Then, with the rise of the young bull market in 1991 and 1992, medicine's presence on Wall Street exploded, with 76 IPOs raising $3 billion for health care companies. Investors were particularly captivated by the emerging genre of physician practice management companies. New firms like PhyCor Inc., based in Tennessee, and MedPartners Inc., based in Alabama, promised stockholders that they could manage medical practices more efficiently than doctors and expand revenues by streamlining services like lab testing and radiology.
This growing interest in medicine did more than raise money for health care concerns. It also started to transform what had long been a cottage industry into big business. Most HMOs were originally formed as nonprofits to improve access, minimize patient cost and expand preventive care. But in 1991 alone, nine of them launched IPOs that raised $328 million.
Today, seven of 10 managed care members belong to investor-owned HMOs, and four of 10 doctors work for someone other than themselves. More than 100 nonprofit Blue Cross and similar plans with assets of more than $13 billion, once considered "insurers of last resort," have converted to for-profit status.
The stock market had grand plans to save medicine from itself by driving down costs and increasing efficiency. For a while, the strategy appeared to have some success. Market pressures were credited with slowing medical inflation to single digits for the first time in years.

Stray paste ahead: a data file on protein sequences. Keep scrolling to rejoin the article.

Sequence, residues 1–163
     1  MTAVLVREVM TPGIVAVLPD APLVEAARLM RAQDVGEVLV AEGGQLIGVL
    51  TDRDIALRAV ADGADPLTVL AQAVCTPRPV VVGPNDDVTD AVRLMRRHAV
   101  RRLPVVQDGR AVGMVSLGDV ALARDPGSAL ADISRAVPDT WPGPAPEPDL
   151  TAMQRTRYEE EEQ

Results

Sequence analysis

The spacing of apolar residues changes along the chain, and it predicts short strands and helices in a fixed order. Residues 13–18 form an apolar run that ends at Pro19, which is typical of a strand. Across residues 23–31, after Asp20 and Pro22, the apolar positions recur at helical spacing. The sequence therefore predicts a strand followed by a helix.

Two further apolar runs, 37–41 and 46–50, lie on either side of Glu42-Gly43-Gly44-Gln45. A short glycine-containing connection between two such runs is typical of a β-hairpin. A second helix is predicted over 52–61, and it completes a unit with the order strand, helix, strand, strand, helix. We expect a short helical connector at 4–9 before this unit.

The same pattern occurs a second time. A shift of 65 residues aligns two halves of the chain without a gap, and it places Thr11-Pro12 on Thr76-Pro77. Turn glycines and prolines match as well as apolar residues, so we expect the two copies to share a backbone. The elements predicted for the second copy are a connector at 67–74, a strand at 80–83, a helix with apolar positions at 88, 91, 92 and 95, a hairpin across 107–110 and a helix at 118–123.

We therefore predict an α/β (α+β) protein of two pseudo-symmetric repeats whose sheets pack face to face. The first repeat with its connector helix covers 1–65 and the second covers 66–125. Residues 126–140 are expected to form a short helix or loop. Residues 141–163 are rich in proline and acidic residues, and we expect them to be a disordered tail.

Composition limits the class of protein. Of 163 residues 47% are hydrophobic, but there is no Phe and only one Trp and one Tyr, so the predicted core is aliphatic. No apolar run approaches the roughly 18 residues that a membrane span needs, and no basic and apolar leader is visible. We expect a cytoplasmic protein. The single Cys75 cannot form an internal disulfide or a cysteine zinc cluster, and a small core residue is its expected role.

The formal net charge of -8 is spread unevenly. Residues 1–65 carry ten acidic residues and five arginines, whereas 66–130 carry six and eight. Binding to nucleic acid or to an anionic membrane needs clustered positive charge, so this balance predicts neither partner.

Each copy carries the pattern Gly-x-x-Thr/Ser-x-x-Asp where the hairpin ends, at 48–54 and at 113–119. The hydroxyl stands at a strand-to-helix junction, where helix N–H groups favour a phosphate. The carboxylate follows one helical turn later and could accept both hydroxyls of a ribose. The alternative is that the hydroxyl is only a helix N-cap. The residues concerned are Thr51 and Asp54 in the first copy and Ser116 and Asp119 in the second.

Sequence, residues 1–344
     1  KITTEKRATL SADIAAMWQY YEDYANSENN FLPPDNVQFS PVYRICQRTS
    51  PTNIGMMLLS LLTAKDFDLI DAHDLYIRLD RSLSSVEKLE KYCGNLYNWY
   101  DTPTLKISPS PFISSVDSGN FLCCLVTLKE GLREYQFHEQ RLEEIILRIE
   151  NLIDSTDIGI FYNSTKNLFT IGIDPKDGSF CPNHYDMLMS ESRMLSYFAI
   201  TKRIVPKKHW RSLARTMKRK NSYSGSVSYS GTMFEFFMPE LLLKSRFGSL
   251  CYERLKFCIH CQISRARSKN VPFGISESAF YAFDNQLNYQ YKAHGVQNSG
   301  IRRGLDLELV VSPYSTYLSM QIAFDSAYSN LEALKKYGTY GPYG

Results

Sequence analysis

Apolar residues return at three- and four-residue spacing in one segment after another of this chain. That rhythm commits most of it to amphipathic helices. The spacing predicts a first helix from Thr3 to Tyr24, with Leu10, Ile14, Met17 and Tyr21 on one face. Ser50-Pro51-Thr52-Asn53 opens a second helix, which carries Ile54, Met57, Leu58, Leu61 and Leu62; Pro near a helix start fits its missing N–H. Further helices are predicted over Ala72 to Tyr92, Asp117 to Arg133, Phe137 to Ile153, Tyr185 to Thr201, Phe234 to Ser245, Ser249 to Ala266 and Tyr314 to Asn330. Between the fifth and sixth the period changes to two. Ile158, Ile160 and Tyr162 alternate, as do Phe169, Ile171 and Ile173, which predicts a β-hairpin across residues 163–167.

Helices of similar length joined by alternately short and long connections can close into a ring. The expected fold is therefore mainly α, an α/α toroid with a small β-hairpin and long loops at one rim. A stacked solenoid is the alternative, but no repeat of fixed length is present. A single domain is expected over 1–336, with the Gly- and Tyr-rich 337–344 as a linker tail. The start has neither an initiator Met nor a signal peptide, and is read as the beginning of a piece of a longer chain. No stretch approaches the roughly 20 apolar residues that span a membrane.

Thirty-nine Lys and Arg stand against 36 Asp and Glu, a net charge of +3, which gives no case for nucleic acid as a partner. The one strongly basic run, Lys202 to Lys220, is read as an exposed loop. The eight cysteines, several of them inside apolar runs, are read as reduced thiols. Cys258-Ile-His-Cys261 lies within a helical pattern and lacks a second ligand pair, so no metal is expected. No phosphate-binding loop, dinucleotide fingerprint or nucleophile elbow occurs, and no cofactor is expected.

To be fair, the bull market has helped medicine in a number of ways. Plenty of physicians have watched their retirement investments blossom, allowing some to retire early. Investments of many nonprofit health care organizations have prospered as well. The $2 billion endowment of Massachusetts General and Brigham & Women's Hospital in Boston, for example, has grown as much as 30% a year. Such endowments, noted an American Hospital Association spokesperson, have enabled hundreds of hospitals to survive Balanced Budget Act cutbacks.
Market pressures have also been credited with slowing medical inflation, and the $20 billion that American pharmaceutical manufacturers spent on research in 1999 was one of the highest percentages of the drug dollar ever.
The 'food chain'
But those gains have not made up for losses, particularly when it comes to physicians. Larry Levitt, director of the nonprofit Changing Health Care Marketplace Project, a group funded by the Kaiser Family Foundation to examine the impact of Wall Street on medicine, offered an explanation of why physicians feel so hard hit.
It begins not with medicine, but with the employers who pay for two-thirds of the nation's health insurance. In the mid-1990s, Mr. Levitt explained, employers began to face fierce competition for investor dollars from Internet startups and technology companies. To improve earnings to attract stockholders, employers pressured health plans for lower costs. Health plans in turn passed the pressure along to hospitals, practice management companies and physicians.